FCC survey confirms "bill shock" bigger problem than imagined

The US Federal Communications Commission (FCC) recently released the findings of an agency survey on the consumer mobile experience. The survey indicated that 30 million Americans, or one in six mobile users, have experienced "bill shock," a sudden increase in their monthly bill that is not caused by a change in service plan. It also showed that nearly half of mobile phone users who have plans with early termination fees (ETFs) and almost two-thirds of home broadband users with ETFs didn't know the amount of the fees they were accountable for.

The FCC has been proactively working to clear up consumer confusion surrounding bill shock, ETFs and other issues. Last August, the Commission launched a proceeding to examine ways to empower consumers to make smart, informed decisions when it comes to communications services.

In January 2010, the Chiefs of the FCC's Consumer and Governmental Affairs and Wireless Telecommunications Bureaus sent letters to the major wireless carriers to learn more about their early termination fees. And as one of the first initiatives undertaken by the FCC's Consumer Task Force, in early May the Consumer and Governmental Affairs Bureau released a Public Notice asking about possible solutions for bill shock.

The survey supported the agency's efforts by supplying essential data about the consumer experience. The survey noted that 83% of adults in the US have a mobile phone, and 80% have a personal mobile phone (one for which their employer does not pay the bill). It also asked about coverage with 58% of mobile users saying they were very satisfied with the number of places they could get a good signal.

The survey finds that of the 30 million Americans who have experienced bill shock:

  • 84% said their mobile carrier did not contact them when they were about to exceed their allowed minutes, text messages, or data downloads.

  • 88% said their carrier did not contact them after their bill suddenly increased.

The amount of bill shock varies widely but is often sizable. In the survey, more than a third of people who experienced bill shock said their bills jumped by at least $50, and 23 percent said the increase was $100 or more.

The survey also asked consumers about early termination fees for mobile phone and broadband service. One reason for the confusion is billing practices: Only 36% of mobile phone customers who are familiar with their bills said that they include "very clear" information on ETFs.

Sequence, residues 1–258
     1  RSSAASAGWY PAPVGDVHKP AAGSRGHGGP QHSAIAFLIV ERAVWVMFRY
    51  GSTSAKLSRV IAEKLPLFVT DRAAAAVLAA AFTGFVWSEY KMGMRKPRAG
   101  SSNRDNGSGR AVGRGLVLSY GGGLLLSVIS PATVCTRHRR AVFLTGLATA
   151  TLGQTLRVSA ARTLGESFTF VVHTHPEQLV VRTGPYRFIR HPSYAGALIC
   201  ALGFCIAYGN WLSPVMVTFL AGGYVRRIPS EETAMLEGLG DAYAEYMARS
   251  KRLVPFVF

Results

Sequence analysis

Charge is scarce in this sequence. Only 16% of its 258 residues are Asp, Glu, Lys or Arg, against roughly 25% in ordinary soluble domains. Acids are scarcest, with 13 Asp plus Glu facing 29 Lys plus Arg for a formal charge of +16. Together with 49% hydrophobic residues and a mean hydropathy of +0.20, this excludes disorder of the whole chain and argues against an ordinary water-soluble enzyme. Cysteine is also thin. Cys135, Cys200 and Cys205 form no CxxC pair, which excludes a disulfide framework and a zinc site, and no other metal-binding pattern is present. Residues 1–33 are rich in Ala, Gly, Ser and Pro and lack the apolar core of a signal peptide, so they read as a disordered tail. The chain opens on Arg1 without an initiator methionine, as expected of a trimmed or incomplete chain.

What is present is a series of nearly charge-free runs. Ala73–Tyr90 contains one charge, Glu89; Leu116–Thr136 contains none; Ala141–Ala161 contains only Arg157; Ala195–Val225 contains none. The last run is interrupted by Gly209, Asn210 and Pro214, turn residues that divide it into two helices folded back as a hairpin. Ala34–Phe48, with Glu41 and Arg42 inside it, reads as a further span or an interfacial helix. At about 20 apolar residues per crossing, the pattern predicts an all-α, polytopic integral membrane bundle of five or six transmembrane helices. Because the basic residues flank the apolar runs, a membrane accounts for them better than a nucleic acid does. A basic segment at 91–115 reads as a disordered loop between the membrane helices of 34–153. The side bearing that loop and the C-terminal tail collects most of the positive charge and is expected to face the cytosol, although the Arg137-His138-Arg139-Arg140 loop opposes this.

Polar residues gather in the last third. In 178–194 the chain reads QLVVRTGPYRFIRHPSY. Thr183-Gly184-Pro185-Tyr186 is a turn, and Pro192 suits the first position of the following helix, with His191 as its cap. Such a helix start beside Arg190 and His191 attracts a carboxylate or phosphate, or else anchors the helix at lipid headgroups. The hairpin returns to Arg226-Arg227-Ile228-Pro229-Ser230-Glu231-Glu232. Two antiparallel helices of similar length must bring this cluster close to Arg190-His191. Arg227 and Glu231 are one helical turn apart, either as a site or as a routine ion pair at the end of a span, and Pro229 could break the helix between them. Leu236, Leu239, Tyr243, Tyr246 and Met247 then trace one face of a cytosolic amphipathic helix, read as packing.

The results were best summed up by FCC Chairman, Julius Genachowski, who said, "The FCC's consumer survey provides an important snapshot of the real-world experiences of mobile customers. The wireless industry has achieved remarkable innovation – and mobile is increasingly essential to the daily lives of Americans.

But there is still more that can be done to help customers navigate what is sometimes a confusing marketplace. A simple and easy to understand mobile purchase and billing process will empower consumers to avoid bill shock and other unexpected fees."

The subject of "bill shock" continues to garner world press and regulator attention even though most cases are generated through consumer misuse, and the fact that they are not warned or prevented from generating excessive charges is squarely blamed on service providers. Whether that's fair does not matter, the question is what we, as an industry should do about managing it.

It is clear that simply informing customers that they will be charged a certain amount for service rendered and that they should be careful is not enough. Proactive action is necessary. Where customers choose not to apply their own voluntary usage limits the CSP should do so automatically as long as the method to override the limits instantly is offered at the same time.

The survey findings confirm the FCC's fears and failure by CSPs to respond voluntarily to these findings will almost certainly lead to increased regulation. This will not only be limited to the US market, and any FCC activity will almost certainly have a follow-on effect in other markets.

Tony Poulos is head of revenue management sector at TM Forum

This article originally appeared in TM Forum’s Inside Revenue Management newsletter